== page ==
Mystery illness sweeps through South Sudan – 89 dead as WHO sounds alarm

South Sudan: ‘Billions’ of locusts land in Magwi

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The mystery disease seems to be baffling the country’s ministry of health, which reported that the illness had wiped out scores of people in the northern town of Fangak in Jonglei state. And now, the WHO has sent a rapid response team of scientists to the area to investigate by collecting samples from people who have fallen ill, the BBC reported.

Sheila Baya, from the WHO, told the BBC: “We decided to send a rapid response team to go and do risk assessment and investigation; that is when they will be able to collect samples from the sick people – but provisionally the figure that we got was that there were 89 deaths.”

The affected area was also one of the worst hit by recent severe flooding.

Ms Baya also said that the group of scientists had to enter Fangak via a helicopter because of this, and the team is now waiting for transport to return them to Juba, the capital city, on Wednesday.

According to Lam Tungwar Kueigwong, the state’s minister of land, housing and public utilities, in Unity, the state bordering Jonglei, severe floods have boosted the spread of diseases like malaria and caused malnutrition in children as a result of food shortages.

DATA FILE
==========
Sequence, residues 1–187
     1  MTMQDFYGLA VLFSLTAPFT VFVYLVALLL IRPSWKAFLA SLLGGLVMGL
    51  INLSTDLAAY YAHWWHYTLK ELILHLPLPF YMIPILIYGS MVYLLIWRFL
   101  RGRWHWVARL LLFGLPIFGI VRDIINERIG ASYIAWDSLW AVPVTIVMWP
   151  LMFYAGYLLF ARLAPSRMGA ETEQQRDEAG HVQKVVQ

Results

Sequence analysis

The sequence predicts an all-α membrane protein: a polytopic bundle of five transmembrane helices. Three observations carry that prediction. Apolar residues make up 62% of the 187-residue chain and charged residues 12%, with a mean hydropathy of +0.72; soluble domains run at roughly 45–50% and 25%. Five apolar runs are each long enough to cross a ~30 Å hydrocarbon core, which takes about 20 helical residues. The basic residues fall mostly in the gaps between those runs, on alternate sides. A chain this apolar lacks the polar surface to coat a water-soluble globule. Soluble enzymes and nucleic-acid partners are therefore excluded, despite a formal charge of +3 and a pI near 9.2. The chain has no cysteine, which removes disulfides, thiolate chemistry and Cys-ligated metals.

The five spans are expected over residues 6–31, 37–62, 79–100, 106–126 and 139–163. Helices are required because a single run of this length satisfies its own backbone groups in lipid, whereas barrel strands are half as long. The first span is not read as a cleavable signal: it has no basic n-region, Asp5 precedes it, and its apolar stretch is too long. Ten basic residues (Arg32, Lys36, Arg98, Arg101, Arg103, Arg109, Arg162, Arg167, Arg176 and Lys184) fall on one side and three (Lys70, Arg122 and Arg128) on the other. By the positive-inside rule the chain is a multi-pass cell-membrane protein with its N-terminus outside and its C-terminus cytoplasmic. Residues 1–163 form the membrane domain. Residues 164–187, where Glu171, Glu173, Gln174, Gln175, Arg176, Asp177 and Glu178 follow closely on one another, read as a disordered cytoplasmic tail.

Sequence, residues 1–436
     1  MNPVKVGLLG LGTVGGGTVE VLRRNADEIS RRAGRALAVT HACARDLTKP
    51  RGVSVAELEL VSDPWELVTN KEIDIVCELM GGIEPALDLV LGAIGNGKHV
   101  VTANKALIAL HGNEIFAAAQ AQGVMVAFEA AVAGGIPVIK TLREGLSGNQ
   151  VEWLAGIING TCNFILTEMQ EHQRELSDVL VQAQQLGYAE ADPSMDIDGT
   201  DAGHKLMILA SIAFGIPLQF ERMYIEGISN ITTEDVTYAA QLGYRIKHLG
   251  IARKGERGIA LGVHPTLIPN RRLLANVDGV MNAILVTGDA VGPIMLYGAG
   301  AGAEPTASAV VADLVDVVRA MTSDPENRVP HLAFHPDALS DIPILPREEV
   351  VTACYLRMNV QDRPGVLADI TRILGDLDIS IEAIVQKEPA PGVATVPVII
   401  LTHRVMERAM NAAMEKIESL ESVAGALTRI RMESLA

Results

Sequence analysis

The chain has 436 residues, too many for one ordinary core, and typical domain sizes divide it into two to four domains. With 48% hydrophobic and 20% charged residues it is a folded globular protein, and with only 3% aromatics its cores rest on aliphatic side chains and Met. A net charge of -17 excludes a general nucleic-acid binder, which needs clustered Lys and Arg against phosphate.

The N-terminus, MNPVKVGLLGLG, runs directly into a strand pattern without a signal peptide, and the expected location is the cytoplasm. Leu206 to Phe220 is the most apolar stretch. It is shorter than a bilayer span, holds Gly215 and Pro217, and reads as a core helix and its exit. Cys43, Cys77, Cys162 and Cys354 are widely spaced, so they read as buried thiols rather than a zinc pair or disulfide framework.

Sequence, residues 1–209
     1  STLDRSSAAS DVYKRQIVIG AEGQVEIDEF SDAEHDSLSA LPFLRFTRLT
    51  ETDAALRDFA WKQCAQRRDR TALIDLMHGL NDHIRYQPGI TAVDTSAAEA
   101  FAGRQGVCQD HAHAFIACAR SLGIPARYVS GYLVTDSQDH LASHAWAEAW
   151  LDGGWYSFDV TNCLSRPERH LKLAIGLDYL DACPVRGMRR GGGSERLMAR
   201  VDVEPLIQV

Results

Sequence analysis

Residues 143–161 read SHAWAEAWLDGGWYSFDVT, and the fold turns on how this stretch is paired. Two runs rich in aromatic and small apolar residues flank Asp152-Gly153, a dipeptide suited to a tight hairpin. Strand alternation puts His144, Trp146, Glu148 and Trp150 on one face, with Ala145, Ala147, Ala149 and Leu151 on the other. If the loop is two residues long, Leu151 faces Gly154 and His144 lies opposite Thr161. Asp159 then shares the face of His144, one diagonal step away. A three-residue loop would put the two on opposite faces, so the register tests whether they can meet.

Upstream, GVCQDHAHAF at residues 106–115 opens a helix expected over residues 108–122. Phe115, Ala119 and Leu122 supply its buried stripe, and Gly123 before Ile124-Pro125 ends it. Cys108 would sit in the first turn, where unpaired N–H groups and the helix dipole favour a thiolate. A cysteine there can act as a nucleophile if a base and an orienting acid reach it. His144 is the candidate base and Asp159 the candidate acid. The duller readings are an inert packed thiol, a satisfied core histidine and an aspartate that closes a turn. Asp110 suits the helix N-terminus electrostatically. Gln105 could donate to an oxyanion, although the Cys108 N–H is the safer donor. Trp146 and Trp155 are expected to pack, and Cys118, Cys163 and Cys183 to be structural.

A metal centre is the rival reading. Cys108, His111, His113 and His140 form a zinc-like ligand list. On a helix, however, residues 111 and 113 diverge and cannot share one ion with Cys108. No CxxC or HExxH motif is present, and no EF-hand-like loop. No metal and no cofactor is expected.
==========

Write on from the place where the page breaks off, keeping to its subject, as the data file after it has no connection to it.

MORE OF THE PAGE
He added that oil from the fields in the region had contaminated the water which has led to the death of domesticated animals too.

The flooding in the north of South Sudan has been devastating to communities in the region, cutting them off from access to supplies of food and other essential commodities.

The United Nations refugee agency UNHCR said that over 700,000 people have been affected by the worst flooding in the country for nearly 60 years, which claims is due to climate change.

International charity Médecins Sans Frontières (MSF), which operates in the area, said the chaos caused by the flooding is now ramping up the pressure on the health facilities.

MSF said: “We are extremely concerned about malnutrition, with severe acute malnutrition levels two times the WHO threshold, and the number of children admitted to our hospital with severe malnutrition doubling since the start of the floods.”

This has come nearly a decade after South Sudan first gained independence following a brutal war.

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But the outgoing head of the UN mission in the country said in March that the country sadly still faces the threat of conflict, and has not been helped by the added threats of the climate crisis as well as the COVID-19 pandemic.

The vast majority of its population is reliant on international food aid, and even the most basic services like health and education are provided by the UN agencies and aid groups.

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